NEW YORK • At a reading in New York last month, Pulitzer Prize- winning novelist Jane Smiley faced an unruly crowd as she read from her new book, Twenty Yawns.
"The beach umbrella was flapping in the breeze," she read. "Flap, flap, flap."
"Look, a fly!" a little boy in a Spider-Man T-shirt yelled, swatting at a buzzing insect.
Smiley took the outbursts in her stride and tried to engage an audience that consisted mostly of toddlers and their minders as she read the story, about a girl who struggles to fall asleep after a day at the beach.
"Do you know how to look sleepy?" she asked. The children flopped over and pretended to snore.
For most of her career, Smiley, 66, has tried to avoid putting readers to sleep. Now, with her first picture book, she is joining a handful of well-known novelists who are aiming to reach readers so young that they probably appreciate the pictures more than the prose.
She fell asleep.
AUTHOR JANE SMILEY on the desired effect of her first picture book, Twenty Yawns, on her granddaughter, who turns two this year
A cluster of new picture books from famous writers will hit bookstores in the coming months, including a lighthearted poetry collection by Calvin Trillin and a creepy, fairy tale-like picture book in translation from the mysterious, pseudonymous Italian author Elena Ferrante, who is best known for her four-part Neapolitan series.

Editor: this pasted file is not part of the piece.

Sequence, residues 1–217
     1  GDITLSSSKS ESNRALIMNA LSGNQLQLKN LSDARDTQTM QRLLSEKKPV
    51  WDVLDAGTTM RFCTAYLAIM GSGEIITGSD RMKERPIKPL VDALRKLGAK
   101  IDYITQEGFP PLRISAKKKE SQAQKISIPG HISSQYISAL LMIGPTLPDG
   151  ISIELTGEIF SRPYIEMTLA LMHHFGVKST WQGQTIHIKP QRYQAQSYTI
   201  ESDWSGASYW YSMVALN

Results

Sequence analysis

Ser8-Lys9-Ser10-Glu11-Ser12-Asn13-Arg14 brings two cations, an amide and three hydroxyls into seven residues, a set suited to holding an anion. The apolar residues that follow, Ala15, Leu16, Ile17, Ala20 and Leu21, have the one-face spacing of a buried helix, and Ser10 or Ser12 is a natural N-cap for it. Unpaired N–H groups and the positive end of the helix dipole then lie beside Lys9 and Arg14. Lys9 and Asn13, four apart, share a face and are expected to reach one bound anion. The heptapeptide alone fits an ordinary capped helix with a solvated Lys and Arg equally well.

"Every year, there are adult writers and celebrities who choose to write in the genre, but this is a particularly high-calibre group," said Ms Megan Tingley, executive vice-president and publisher of Little, Brown Books for Young Readers.
The current crop of picture books from literary writers is arriving at a moment when children's literature has become a vibrant and often lucrative niche for novelists.
Revenue from children's books sales ballooned to US$1.7 billion (S$2.3 billion) last year from US$1.5 billion in 2011, according to the Association of American Publishers, which tracks sales from more than 1,200 publishers.
Sales of adult books, by comparison, remained stagnant.
Following the blockbuster success of series such as Twilight, a growing number of best-selling authors have migrated into the booming market for young adult and middle-grade fiction, including James Patterson, John Grisham, Smiley and Jennifer Weiner.
Picture books, typically written for three- to seven-year-olds, could represent the next frontier for writers seeking to further expand their audiences by reaching an even younger demographic. It also may help them hook impressionable young readers - sometimes before they can even read.
Some prominent authors have turned to picture books late in their careers, motivated, in part, by the desire to write something their grandchildren could appreciate.
"I tried to see things from their point of view," said Trillin, who decided to write a picture book a few years ago, when he found himself spontaneously composing funny rhymes for his grandson.
The resulting collection, titled No Fair! No Fair! And Other Jolly Poems Of Childhood, includes 14 whimsical poems, with illustrations by cartoonist Roz Chast. The poems address childhood injustices such as being denied ice cream for breakfast.
Smiley said her book had the desired effect on her grand- daughter, who turns two this year: "She fell asleep."
Others have taken up the craft as a social mission.